A tattoo is a puncture wound in the deep layers of your skin, which is filled with ink. Are made by penetrating the skin with a needle and injecting ink into the area, usually creating some sort of design. The reason that tattoos last so long is that they are profound: the ink is not injected into the epidermis (the top layer of skin that we continue producing and changingthroughout life.) On the contrary, is injected into the dermis, which is the second deepest layer of skin. The skin cells are very stable, so the tattoo is practically permanent.
Tattoos used to be done manually, ie the artist responsible for carrying out the tattoo skin pricked with a needle and inject the ink by hand. While this process is still used in some parts of the world, most tattooshops use a tattoo machine. A tattoo machine is a handheld electric instrument, similar to a dentist around. At one end, has a sterile needle, connected to tubes that contain ink. It uses a pedal to start the machine, which moves the needle in and out while the ink deposited approximately 1 / 8 inch (about 3 mm) below the skin.
The tattoos were a Eurasian practice in Neolithic times, andhave even found a mummy of the second century AD
In 1991 there was a Neolithic mummy in a glacier in the Austrian-Italian Alps, with 57 tattoos on his back. This mummy is known as the Iceman or Ötzi, is the human cadaver skin oldest ever found, and the age varies depending on the author: Cate Lineberry, the Smithsonian, he calculates to about 5,200 years old. From this discovery we can say thattattooing is as old as man himself. However, the different cultures used the tattoo they did in different ways, both as art, in the sense of creating rituals and symbolic meanings, as in ancient Egypt, as to mark or report the criminals, which is the case of ancient Greece and Rome. It is even believed that, by its position in the Iceman, the brands met a therapeutic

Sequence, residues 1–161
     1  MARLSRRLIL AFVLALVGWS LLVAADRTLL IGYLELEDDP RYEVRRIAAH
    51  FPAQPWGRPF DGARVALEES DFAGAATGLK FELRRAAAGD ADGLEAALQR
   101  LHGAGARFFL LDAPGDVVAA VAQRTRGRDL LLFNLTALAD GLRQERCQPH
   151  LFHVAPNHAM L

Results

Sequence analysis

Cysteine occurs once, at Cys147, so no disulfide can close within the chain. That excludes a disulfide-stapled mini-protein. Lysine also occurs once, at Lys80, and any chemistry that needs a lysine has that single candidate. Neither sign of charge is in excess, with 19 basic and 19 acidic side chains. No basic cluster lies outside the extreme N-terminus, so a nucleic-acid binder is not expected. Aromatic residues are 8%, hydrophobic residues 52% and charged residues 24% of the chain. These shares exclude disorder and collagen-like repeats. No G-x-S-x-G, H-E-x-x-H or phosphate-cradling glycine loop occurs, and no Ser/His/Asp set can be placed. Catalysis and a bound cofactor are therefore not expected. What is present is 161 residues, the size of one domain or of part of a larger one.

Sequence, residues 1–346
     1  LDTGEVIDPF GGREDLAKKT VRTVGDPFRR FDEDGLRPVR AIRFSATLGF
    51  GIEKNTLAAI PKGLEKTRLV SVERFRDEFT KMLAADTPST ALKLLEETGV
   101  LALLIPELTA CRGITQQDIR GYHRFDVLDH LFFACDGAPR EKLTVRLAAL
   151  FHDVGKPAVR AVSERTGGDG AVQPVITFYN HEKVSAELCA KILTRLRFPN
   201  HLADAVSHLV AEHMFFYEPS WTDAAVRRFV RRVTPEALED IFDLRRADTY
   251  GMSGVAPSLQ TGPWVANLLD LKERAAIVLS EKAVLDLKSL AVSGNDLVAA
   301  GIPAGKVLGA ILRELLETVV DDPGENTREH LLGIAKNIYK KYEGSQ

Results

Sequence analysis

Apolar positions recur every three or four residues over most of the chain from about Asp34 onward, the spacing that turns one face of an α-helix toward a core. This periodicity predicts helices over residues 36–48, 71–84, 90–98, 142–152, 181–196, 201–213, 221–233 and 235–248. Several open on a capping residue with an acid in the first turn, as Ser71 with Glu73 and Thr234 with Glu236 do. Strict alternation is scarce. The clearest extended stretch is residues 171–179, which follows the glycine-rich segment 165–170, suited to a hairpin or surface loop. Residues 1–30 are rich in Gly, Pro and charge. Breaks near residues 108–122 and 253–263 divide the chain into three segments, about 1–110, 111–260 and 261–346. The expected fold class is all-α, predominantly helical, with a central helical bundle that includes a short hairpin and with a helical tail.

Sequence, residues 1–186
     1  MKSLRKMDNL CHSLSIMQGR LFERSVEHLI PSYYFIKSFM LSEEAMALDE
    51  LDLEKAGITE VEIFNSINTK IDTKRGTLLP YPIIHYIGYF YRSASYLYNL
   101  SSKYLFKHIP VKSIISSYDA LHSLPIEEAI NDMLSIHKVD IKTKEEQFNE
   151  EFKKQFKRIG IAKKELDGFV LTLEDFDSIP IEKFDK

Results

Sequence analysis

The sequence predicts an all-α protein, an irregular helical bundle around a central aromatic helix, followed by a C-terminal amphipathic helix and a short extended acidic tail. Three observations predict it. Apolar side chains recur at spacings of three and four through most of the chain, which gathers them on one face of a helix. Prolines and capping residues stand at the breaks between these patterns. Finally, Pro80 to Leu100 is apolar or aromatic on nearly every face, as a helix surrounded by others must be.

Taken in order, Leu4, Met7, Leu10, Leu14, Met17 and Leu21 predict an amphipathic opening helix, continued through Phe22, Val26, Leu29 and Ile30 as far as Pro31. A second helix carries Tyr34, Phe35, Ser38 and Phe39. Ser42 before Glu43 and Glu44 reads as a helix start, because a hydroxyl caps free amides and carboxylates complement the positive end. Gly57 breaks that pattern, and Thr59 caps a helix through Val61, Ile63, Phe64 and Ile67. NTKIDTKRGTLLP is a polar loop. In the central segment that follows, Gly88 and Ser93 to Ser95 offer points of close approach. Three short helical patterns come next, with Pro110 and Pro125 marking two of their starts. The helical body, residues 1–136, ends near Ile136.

Cultural differencesBelow is a list of cultures and uses leading tattoo. We will try as far as possible, maintain a chronological linearity.
Apparently, this region of the world is the one with the tattoo artist broader tradition. The various tribes of Polynesia used tattoos as body ornamentation, without thereby losing their own strong sense of community. The tattoo started at an early age and lasteduntil the body is not left untouched region of the pigments. Beyond its aesthetic sense, the tattoo gave favored hierarchy and communal respect to the wearer in skin: the more tattooed was someone, the more respect is owed. In particular, Maori tattooing used for battle. The drawings that were in the skin contributed to his famous strategy to scare your enemigos.2
In Egypt were mostlywomen who were tattooed. It gave him the tattoo and magical protective functions. The supernatural character tattoo was not unique to Egypt, many cultures gave him the power to tattoos. For this purpose, we women were tattooed to show courage, the marked men as if they were his propiedad.3
In North America, Indians used tattoos as part of a rite of passage. When a person passing frompuberty to adulthood it tattooed to protect your soul. However, this was not the only ritual use being made of the tattoo in this region of the world. In Central America, the tribes used tattoos as a commemoration of the fallen in battle and as a form of worship of the gods.
In the southern hemisphere of the Americas, indigenous tribes also painted their bodies, but not permanently. Pigments madewith flowers and plants and animal fats, gave new tones accompanying rituals temporarily with deep meanings and spiritual equal, which took off once the rite
Ensei Roshi, with his whole body tattooed with a heavy stick in his hand. Utagawa Kuniyoshi, alias Ichiyusai (1797-1861), Japanese artist, ukiyo-e school.
Around the tenth century BC, the tattoo came to Japan. Since their...